Wednesday, December 14, 2011

House Panel Approves Legislation Changing Dodd-Frank Whistleblower Provisions to Require Initial Internal Reporting to Company

The House Capital Markets Subcommittee approved legislation amending SEC and CFTC whistleblower provisions in the Dodd-Frank Act to preserve internal company reporting standards and mechanisms. The legislation would require the whistleblower to first report the information to the company before reporting it to the SEC or CFTC. The whistleblower must report the information to the SEC or CFTC within 180 days of reporting it to the company. The overreaching provisions in Dodd-Frank make internal corporate programs obsolete, open the floodgates of claims to an already overburdened SEC, and delay action within a company, said Rep. Michael Grimm (R-NY), sponsor of the Whistleblower Improvement Act (H.R. 2483). The legislation is co-sponsored by Capital Markets Subcommittee Chair Scott Garrett (R-NJ).

The original legislation directed the GAO to conduct a study and report to Congress to determine what impact, if any, the whistleblower incentives program established by Dodd-Frank, codified as Section 21F of the Securities Exchange Act and Section 23 of the Commodity Exchange Act, has had on shareholder value. During the markup of HR 2483, the Subcommittee approved an amendment offered by Rep. Maxine Waters (D-CA) expanding the GAO study to include the impact on market integrity, taxpayer protection, and the SEC’s ability to issue enforcement actions.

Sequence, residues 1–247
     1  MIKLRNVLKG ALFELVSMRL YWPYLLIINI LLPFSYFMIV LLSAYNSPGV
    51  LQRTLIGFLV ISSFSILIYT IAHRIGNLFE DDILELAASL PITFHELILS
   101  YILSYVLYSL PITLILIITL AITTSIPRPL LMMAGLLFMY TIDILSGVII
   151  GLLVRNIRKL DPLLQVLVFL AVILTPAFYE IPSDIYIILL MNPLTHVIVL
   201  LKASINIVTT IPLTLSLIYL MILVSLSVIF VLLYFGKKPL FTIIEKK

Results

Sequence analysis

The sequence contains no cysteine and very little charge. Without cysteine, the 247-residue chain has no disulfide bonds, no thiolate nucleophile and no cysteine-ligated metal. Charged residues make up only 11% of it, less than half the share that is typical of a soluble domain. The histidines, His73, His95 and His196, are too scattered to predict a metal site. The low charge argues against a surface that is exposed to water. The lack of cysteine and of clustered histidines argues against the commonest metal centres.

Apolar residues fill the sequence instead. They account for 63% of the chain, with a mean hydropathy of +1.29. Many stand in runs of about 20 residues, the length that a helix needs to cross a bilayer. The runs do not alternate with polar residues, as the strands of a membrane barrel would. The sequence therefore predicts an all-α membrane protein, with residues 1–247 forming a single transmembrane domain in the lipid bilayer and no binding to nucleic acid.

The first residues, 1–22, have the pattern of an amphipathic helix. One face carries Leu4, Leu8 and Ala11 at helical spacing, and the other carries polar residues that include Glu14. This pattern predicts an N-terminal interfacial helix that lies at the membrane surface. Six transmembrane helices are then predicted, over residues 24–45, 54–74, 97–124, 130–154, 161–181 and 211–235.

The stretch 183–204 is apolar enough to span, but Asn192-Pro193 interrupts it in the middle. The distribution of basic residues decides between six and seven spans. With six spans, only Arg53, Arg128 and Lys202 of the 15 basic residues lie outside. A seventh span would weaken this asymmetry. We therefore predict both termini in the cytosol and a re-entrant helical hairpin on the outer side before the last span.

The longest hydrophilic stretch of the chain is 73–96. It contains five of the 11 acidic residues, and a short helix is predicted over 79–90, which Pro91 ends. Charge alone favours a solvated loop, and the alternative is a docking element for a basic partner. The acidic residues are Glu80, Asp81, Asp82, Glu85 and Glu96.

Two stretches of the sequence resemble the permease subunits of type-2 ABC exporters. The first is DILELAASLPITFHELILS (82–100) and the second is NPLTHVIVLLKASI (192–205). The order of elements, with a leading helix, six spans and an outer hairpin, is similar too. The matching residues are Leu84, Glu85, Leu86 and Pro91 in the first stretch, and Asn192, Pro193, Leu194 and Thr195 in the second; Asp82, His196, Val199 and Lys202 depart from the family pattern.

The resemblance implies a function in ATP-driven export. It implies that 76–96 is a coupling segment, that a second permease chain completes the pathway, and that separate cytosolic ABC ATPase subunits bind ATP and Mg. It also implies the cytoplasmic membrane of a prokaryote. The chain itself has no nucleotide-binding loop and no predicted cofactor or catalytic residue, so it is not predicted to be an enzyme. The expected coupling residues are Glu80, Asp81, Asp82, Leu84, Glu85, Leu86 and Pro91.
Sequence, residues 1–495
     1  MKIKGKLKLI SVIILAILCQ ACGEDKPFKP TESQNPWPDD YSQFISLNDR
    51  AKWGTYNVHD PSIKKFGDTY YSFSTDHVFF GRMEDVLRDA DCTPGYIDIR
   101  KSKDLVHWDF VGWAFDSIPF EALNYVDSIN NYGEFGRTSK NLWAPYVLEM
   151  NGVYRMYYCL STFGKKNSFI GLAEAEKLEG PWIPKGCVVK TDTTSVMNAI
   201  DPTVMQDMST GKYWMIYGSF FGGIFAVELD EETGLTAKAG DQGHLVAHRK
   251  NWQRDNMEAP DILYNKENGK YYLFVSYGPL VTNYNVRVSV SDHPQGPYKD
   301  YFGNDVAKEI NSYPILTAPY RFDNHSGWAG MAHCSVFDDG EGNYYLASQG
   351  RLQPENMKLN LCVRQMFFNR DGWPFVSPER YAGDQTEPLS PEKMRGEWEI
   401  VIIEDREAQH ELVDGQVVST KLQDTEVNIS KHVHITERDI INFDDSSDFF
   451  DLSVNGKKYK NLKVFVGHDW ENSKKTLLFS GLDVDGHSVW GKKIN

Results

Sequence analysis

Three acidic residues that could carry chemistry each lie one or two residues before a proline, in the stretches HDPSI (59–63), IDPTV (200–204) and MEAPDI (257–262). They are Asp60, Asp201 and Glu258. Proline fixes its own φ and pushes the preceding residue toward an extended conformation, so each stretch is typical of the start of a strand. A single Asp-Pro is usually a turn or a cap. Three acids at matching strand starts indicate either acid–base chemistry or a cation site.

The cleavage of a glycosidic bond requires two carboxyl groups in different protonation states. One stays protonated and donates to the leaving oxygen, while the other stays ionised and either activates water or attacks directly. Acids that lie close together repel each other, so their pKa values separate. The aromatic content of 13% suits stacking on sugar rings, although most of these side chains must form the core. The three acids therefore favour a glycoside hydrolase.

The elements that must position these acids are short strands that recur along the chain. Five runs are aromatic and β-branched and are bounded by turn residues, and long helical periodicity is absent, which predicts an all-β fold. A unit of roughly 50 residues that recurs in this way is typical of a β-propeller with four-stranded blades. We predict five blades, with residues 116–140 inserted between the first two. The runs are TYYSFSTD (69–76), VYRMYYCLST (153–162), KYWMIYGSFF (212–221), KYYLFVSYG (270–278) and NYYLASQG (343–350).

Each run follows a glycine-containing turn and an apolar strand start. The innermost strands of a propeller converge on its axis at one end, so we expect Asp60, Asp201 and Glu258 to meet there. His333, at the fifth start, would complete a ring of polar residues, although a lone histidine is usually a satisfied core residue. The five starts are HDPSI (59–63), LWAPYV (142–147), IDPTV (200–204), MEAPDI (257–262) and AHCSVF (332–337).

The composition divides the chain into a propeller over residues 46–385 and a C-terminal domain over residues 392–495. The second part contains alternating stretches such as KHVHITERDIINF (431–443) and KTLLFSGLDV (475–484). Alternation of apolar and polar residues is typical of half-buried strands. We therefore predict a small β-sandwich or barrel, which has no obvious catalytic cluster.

The Subcommittee rejected an amendment offered by Rep. Gary Ackerman (D-NY) that would have dropped the requirement of initial internal corporate reporting but would have increased the reward if the whistleblower does report to the company first before going to the SEC. According to Rep. Ackerman, the amendment would have replaced a requirement with a market-based incentive to report internally first. In opposing the amendment, Rep. Grimm and Chairman Garrett noted that the Sarbanes-Oxley Act required companies to have internal reporting and established a culture of compliance at companies that Congress should support. Companies have spent millions of dollars to set up internal reporting programs, said the Chairman.

Sarbanes-Oxley mandated that companies have an internal mechanism to report criminal activity, such as an anonymous tip-line. According to Rep. Grimm, these internal compliance programs are important as they protect shareholders and investors and save time and money by stopping a problem before it causes excessive damage. In his view, Dodd-Frank undermines these internal company programs by incentivizing whistleblowers to go directly to the SEC. H.R. 2483 makes internal reporting a prerequisite for such a reward.

The legislation carves out exceptions allowing whistleblowers to report directly to the SEC or CFTC in situations when the wrongdoing is conducted by compliance officers or the highest level of management. It also makes an exception for whistleblowers reporting on activity in a company that does not have a robust internal reporting mechanism in place. Rep. Grimm said that these exceptions help protect the whistleblower from retaliation, as well as prevent an investigation from being compromised.

Thus, internal reporting is required initially unless the whistleblower alleges, and the Commission determines, that the company lacks either a policy prohibiting retaliation for reporting potential misconduct or an internal reporting system allowing for anonymous reporting, or the Commission determines that internal reporting was not a viable option based on evidence that the alleged misconduct was committed by, or involved the complicity of, the highest level of management or other evidence of company bad faith.

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